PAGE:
Rita El Khoury / Android Authority
As Apple introduced the new Watch Series 9 this week, two features struck me because I’ve wanted them on Wear OS smartwatches for years and I couldn’t believe that Apple was introducing them before Google: on-device Siri commands and now-playing HomePod notifications. Let’s focus on the latter for now.
Apple will let you control HomePod music from the screen that’s always on you — your smartwatch. That’s super useful.
Apple’s Watch Series 9 and HomePod integration is based on the watch’s second-generation Ultra-wideband (UWB) chip, which detects nearby devices and measures how far they are and in which direction. When the Watch Series 9 recognizes a nearby HomePod within a four-meter distance, it’ll immediately surface a card to the top of the widget stack. If nothing is playing, the card will suggest music, podcasts, and audiobooks to play. But if something is already playing, it’ll show that and let you control it.
Isn’t that oddly reminiscent of something Google Chromecasts already do? It’s been a decade since Google launched the Chromecast and with it the option to control music playing on a nearby cast target straight from your phone. Google’s tech uses Wi-Fi and Bluetooth, so it’s not as precise as UWB, but it has worked well for years. Whenever something starts playing on a Google Nest smart speaker or hub, you get a notification on your phone to control it. It’s simple and efficient.
The issue with Google’s implementation is that the notification doesn’t carry over to your smartwatch — the one controller that’s always physically on and with you, even inside your home. This annoyed me with older Wear OS watches, but it irked me even more when the Pixel Watch was launched and the feature was nowhere to be found on it. All Google had to do was carry over the Play Services notification that pops up on your phone to your smartwatch, as it does with any other application. It didn’t.
Google Chromecasts have shown a now-playing notification on nearby phones for a decade. Not on smartwatches, though.
Spotify Connect helps fix this oversight, but it obviously only works if you’re listening to music via Spotify and the now-playing notification only shows up by default if you start casting from your phone. It won’t pop up if you use voice commands on your speaker or if you start playback from a computer or a tablet.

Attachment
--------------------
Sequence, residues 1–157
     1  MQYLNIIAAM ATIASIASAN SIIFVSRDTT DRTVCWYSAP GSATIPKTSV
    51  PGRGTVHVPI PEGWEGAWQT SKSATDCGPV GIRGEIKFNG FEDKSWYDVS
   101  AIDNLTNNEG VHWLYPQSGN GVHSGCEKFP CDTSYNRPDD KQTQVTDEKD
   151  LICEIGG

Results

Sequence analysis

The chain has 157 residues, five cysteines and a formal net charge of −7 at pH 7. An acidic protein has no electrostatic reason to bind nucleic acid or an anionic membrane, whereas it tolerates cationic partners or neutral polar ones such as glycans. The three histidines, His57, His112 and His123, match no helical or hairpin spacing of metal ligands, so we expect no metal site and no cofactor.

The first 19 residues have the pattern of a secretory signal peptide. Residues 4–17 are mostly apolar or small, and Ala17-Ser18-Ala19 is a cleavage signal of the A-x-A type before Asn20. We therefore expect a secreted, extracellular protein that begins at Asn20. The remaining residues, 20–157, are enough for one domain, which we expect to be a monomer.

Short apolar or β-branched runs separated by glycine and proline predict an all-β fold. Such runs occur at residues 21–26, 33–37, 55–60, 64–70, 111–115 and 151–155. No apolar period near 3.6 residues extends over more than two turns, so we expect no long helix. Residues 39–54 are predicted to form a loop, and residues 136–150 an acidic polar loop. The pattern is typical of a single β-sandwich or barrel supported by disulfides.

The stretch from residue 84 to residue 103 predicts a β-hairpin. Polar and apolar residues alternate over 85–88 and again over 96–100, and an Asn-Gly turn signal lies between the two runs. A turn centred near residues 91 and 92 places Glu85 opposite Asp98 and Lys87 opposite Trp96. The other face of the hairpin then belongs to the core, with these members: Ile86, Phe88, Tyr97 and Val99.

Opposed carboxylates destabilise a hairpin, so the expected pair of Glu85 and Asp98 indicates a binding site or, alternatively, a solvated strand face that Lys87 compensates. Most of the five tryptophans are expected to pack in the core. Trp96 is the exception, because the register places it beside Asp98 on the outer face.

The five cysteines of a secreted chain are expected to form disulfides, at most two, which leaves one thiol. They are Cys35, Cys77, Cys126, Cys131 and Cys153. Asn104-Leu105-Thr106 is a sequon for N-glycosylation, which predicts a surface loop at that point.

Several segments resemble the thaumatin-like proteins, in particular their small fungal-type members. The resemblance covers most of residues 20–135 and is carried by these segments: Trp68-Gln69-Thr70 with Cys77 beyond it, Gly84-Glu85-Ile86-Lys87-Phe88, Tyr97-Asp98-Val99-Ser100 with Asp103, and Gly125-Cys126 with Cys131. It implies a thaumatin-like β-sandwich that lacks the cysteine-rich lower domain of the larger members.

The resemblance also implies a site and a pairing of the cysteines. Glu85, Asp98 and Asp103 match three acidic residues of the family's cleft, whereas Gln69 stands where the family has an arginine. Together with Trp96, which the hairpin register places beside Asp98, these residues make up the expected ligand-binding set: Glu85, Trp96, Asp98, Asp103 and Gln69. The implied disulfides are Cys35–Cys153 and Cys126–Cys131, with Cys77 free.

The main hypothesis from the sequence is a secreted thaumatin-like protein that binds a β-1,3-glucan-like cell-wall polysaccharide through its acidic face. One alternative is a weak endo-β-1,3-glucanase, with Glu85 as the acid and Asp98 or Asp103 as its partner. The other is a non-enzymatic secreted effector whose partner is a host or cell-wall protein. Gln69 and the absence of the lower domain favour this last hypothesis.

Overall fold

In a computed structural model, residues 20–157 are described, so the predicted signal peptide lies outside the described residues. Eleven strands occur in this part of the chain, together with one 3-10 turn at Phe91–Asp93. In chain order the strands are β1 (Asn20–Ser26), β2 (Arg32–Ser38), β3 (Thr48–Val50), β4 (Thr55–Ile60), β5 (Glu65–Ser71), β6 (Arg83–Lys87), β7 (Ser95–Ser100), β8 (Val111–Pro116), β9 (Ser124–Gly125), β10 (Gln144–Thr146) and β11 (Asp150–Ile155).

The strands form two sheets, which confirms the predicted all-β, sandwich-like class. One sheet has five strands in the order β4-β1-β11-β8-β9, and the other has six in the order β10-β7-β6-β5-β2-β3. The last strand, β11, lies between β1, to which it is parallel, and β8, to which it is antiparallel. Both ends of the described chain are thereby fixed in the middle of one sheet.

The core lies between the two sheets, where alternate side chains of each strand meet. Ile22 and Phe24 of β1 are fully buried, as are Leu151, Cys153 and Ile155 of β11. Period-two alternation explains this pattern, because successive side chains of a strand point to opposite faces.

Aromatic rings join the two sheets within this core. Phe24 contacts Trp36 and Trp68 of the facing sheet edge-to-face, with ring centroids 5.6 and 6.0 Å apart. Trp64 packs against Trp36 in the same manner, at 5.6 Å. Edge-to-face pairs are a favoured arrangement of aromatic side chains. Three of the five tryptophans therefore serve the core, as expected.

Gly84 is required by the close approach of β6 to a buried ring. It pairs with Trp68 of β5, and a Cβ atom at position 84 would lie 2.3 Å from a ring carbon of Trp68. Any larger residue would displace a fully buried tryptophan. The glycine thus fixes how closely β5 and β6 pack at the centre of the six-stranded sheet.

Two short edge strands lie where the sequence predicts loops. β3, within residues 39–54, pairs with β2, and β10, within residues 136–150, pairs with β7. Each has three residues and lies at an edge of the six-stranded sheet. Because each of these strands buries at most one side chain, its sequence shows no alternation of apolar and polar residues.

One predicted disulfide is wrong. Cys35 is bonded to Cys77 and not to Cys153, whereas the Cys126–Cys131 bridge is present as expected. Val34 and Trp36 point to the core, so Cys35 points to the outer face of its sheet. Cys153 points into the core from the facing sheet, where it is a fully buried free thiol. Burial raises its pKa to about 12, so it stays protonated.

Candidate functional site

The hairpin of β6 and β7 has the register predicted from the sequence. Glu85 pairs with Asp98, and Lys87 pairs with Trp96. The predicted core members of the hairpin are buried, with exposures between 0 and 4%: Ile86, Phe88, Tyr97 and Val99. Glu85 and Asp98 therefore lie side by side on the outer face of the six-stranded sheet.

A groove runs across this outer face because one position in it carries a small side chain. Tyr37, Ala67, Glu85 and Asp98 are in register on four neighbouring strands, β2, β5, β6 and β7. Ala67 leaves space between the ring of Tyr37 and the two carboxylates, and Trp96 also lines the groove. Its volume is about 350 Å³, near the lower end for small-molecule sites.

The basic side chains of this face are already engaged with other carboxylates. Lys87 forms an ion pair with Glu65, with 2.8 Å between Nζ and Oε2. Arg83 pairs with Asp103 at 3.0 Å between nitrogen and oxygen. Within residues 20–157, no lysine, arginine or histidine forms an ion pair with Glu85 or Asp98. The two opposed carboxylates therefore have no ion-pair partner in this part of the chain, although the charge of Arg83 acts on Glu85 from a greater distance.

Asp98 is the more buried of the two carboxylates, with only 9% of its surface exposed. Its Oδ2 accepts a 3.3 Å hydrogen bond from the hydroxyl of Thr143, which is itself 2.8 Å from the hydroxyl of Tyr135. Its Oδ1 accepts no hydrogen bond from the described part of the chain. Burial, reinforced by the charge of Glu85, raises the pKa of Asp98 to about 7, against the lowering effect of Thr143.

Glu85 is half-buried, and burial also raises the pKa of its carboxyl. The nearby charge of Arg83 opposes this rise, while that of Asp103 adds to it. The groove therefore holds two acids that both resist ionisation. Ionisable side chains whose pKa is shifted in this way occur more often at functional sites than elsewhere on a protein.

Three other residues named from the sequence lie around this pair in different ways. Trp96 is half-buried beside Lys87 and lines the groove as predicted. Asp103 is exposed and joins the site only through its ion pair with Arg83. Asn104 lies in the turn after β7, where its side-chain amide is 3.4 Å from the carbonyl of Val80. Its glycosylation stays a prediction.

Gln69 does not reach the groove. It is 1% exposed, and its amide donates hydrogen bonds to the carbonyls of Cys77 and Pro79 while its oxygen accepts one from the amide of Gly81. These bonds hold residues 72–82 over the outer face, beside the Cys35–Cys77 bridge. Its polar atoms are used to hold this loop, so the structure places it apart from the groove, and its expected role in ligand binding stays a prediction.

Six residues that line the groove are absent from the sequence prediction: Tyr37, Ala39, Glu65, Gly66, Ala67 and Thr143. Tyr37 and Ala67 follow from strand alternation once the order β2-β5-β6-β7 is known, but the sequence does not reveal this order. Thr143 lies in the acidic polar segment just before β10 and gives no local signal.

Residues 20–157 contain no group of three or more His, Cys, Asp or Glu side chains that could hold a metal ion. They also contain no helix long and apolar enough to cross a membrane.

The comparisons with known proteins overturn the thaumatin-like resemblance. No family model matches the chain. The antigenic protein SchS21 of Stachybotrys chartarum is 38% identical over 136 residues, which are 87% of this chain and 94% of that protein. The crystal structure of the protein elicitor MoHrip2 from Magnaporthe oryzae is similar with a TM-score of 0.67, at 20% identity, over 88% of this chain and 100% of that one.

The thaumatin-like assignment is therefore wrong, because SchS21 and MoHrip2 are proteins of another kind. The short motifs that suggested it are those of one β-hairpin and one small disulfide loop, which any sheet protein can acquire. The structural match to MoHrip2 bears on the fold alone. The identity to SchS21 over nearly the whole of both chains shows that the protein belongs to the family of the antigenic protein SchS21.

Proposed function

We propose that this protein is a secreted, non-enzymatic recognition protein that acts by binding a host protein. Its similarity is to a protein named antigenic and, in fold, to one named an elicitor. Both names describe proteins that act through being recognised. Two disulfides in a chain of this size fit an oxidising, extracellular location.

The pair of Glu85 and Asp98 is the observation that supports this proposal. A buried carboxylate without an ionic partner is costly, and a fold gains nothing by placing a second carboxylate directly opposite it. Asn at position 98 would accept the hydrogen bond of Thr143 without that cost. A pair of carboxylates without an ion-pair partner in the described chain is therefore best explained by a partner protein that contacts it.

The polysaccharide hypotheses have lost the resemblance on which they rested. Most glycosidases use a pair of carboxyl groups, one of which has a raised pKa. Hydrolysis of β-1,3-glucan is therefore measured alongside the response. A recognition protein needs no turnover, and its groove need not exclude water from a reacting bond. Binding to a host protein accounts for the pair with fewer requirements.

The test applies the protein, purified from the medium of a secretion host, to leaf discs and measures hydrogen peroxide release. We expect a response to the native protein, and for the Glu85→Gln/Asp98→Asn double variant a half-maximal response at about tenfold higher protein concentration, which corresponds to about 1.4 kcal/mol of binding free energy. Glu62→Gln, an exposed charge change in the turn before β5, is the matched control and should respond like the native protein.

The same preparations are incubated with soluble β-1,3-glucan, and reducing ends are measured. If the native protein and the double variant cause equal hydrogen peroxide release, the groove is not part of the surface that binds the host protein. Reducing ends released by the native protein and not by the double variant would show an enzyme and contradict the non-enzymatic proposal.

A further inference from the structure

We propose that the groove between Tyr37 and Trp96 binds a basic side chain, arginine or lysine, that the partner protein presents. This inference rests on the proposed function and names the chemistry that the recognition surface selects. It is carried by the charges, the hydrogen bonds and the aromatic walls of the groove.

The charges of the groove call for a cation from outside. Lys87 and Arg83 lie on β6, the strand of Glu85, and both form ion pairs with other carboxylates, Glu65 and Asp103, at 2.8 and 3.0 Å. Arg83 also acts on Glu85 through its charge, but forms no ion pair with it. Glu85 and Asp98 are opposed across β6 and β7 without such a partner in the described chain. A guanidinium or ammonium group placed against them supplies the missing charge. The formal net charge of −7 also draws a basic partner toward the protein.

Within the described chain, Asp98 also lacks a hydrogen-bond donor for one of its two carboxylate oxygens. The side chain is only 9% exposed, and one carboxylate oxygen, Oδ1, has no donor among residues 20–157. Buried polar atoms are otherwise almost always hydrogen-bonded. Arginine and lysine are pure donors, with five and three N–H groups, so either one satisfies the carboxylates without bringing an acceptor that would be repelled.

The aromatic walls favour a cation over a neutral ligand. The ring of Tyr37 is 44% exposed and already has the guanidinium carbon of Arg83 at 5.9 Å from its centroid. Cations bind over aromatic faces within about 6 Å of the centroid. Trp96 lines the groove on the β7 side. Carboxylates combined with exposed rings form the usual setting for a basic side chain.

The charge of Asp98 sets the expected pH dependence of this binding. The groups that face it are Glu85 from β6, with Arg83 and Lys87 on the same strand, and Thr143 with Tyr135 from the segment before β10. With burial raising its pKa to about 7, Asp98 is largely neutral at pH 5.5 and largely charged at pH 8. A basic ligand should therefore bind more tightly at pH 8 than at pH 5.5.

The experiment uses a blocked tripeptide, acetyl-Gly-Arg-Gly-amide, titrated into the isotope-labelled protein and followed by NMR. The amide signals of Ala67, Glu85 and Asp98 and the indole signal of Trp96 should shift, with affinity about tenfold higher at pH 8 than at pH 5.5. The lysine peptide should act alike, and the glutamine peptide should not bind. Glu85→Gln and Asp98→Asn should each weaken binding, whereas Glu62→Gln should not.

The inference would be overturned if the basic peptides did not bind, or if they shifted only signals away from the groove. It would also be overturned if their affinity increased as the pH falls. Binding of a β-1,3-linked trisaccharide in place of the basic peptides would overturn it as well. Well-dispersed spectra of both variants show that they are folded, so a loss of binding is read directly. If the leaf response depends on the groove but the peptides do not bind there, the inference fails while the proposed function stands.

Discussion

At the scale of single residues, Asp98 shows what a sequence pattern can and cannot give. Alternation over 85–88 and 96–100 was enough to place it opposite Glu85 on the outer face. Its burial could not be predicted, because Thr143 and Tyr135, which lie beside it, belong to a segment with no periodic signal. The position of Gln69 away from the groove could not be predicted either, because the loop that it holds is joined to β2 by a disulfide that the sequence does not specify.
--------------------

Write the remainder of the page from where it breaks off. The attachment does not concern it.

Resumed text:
Kaitlyn Cimino / Android Authority
There’s a glimmer of hope, though. Rumors suggest that the Pixel Watch 2 will have a UWB chip, though we don’t know if it’ll only be used for Find My Device or if Google will allow it to control nearby UWB-touting speakers and displays like the Pixel Tablet (and a rumored upcoming Nest Hub with UWB). Other hidden Android code bits revealed that Google is working on tap-to-transfer to quickly move playing music or video from a phone to a nearby Pixel Tablet or Nest hub/speaker, but again, nothing about transferring from a smartwatch. Nothing is certain, but there’s hope that Google is tightening up the integration between smartwatches and smart speakers and displays.
All Google had to do is allow this now-playing notification to show up on your wrist too. No fancy UWB needed.
Even if Google would roll out its own implementation in October, I’d still be a bit miffed that we’d need UWB to get the simplest part of this — now playing notifications — working or that you’d need to be within a few meters to get the notification like Apple requires. What if you’re not in the same room? The nearby casting notification has been here for a decade; it has worked well for years despite only using Wi-Fi and Bluetooth. It’s a shame that we’d need newer and flashier tech when all Google had to do was allow this notification to surface on watches.
Apple Watch Series 9
Powerful new processor
Upgraded display with 2000 nit brightness
New gesture controls and Siri features